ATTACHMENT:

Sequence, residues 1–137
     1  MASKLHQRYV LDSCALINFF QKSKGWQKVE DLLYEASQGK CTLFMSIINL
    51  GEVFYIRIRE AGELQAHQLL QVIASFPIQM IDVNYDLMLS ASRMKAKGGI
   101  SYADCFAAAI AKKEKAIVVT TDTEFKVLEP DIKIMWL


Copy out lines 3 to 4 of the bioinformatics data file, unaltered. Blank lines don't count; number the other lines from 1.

    51  GEVFYIRIRE AGELQAHQLL QVIASFPIQM IDVNYDLMLS ASRMKAKGGI
   101  SYADCFAAAI AKKEKAIVVT TDTEFKVLEP DIKIMWL